Essay about Sparta and Women

Submitted By Vimm3l
Words: 2552
Pages: 11

Women's rights reveal a lot about a civilization, as they dictate life in that society, and they show

how advanced a civilization is. The amount of rights and freedoms that women are granted in a city-

state is a vital part of their society, as it reveals where their morals are. Ancient Athens was a great

place to live, however, women had significantly fewer rights there than women in ancient Sparta did.

Sparta and Athens were different in many ways, especially when it came to women's rights. Marriage in

Sparta was arguably better for women. Also, women were allocated a lot more freedom in Sparta than

in Athens, and they were almost equal to men as well. It is also important to note how the rest of

Greece reacted to these very unique Spartan women. Another important point is that, even though many

of them did not enjoy many rights or freedoms, there were a lot of important women in all

parts of Ancient Greece. Regardless of the strict, totalitarian government and rough life, women in

Sparta enjoyed much better lives with more rights and freedoms than the women of Athens.

Before discussing women's rights, it is important to first achieve an understanding of Ancient

Greece, and Athens, and Sparta. Ancient Greece was a great civilization, with city-states that were

separated by the mountains. Because of this separation, Greek city-states would develop their own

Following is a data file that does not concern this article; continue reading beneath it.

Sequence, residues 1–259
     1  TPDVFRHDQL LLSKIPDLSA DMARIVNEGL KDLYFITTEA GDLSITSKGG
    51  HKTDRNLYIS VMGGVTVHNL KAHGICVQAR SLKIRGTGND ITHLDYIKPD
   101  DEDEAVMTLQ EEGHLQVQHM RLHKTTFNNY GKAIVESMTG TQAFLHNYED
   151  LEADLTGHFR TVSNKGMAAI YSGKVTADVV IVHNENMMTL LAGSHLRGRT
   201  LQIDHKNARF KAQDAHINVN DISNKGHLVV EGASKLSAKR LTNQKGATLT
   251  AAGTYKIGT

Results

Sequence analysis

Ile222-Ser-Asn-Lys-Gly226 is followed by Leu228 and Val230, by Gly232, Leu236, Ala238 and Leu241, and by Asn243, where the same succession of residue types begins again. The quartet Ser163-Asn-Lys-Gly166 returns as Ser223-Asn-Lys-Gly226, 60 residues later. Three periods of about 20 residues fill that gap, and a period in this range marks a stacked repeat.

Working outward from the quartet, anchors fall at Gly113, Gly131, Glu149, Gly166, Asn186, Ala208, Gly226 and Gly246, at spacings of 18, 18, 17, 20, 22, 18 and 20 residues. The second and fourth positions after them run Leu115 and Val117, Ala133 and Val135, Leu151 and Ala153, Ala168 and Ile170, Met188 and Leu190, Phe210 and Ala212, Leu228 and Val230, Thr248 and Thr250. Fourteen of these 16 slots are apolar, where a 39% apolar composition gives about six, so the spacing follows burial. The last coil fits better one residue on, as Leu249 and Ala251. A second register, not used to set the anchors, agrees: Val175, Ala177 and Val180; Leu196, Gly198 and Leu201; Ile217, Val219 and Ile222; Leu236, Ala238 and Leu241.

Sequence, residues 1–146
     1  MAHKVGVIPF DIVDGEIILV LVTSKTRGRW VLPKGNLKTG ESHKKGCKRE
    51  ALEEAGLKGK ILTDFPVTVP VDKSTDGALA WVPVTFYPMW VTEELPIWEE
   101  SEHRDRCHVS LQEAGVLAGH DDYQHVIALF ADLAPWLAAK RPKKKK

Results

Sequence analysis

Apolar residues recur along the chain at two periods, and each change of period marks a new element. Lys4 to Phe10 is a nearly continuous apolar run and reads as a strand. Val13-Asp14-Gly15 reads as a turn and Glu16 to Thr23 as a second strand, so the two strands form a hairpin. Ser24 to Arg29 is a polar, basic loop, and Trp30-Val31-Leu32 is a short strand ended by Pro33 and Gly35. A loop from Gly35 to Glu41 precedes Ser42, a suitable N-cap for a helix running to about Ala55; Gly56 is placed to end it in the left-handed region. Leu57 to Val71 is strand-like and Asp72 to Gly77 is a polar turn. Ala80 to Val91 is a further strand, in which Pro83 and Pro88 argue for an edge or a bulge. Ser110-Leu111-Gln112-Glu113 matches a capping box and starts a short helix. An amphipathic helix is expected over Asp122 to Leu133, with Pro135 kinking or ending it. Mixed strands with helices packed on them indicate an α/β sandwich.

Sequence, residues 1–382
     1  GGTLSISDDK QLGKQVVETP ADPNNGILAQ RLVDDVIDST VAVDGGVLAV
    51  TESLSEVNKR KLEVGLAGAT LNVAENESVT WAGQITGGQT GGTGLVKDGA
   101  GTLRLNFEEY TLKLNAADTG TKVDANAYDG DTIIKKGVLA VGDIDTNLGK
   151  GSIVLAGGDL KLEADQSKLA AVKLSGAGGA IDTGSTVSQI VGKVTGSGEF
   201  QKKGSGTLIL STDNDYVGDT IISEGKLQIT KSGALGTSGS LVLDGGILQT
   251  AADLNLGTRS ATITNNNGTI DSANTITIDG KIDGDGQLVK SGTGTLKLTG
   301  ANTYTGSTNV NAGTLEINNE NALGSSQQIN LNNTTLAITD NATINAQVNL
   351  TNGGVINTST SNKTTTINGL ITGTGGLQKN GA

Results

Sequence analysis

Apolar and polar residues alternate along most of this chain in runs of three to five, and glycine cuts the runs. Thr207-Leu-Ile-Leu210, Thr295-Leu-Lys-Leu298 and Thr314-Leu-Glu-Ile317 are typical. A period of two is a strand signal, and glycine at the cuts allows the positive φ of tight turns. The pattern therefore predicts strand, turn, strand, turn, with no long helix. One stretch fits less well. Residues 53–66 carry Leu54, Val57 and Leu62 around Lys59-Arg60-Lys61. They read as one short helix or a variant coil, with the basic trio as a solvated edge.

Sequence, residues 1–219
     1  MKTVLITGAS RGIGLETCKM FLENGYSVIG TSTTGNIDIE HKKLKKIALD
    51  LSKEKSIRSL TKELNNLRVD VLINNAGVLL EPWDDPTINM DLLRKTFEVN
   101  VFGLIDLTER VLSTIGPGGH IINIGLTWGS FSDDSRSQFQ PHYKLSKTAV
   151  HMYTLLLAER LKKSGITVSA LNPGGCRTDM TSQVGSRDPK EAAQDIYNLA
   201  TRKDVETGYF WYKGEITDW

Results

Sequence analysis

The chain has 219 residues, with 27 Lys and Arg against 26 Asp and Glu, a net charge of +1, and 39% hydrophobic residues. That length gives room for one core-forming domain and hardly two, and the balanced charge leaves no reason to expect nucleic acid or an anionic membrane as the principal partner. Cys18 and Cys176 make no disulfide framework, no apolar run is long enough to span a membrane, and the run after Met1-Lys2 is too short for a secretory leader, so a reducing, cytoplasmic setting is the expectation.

cultures and government systems. Two of the great city-states were Athens and Sparta. Sparta was

unique in ancient Greece for its social system and its importance on fighting and strength, as it

completely focused on military training and excellence. Spartan education focused on producing

soldier citizens. Athens placed importance on both the body and mind. Education focused on producing

smart, thinking soldiers. Of course, these distinct differences meant that the two city-states had very

unique and extremely different ways of living.

Marriage in Sparta was very unique, as women had a lot of choice. First of all, girls would normally

not be married off until they were eighteen or nineteen years old, when they were truly women. They

also had the ability to choose who they would marry quite often, which gave them more freedom than

usual in ancient societies. Husbands and wives were also close in age, with the average man marrying

his eighteen or nineteen year old wife when he was around twenty-five years old. Even the wedding ceremony itself was very unique in Sparta. Women would cut off their hair and dress in men's clothes.

They would then sneak to the barracks to see their new husbands.1 Another very unique part of

marriage in Sparta was the great divorce rules. The very liberal divorce rules in Sparta were very good

for women, as they offered freedom in marriage. The laws regarding a divorce were the same for both

men and women. Women could file for divorce as easily as men were able to, and they would not be

forced to remarry, but they would not be discouraged from it either. They could divorce for whatever

reason, and did not need male support to do so. They also would not have to worry about losing their

homes or their personal wealth. These rules were very unique in all of ancient Greece, as the women

had an amazing amount of control in their relationships. The freedom that women had was not strictly

in marriage and divorce, though.

Even the every day lives of women in Sparta were extremely free. Women ran their homes to an

extreme. They did not simply cook, clean and control the servants. They were in charge of their home's

affairs. As their husbands were in the military, they were not home much. So, women took complete

charge of their homes and families. They made all of the important decisions, they had a voice in

decisions, and they handled financial matters. Women acted as the man of the house, and their

husbands did whatever they said. This immense freedom was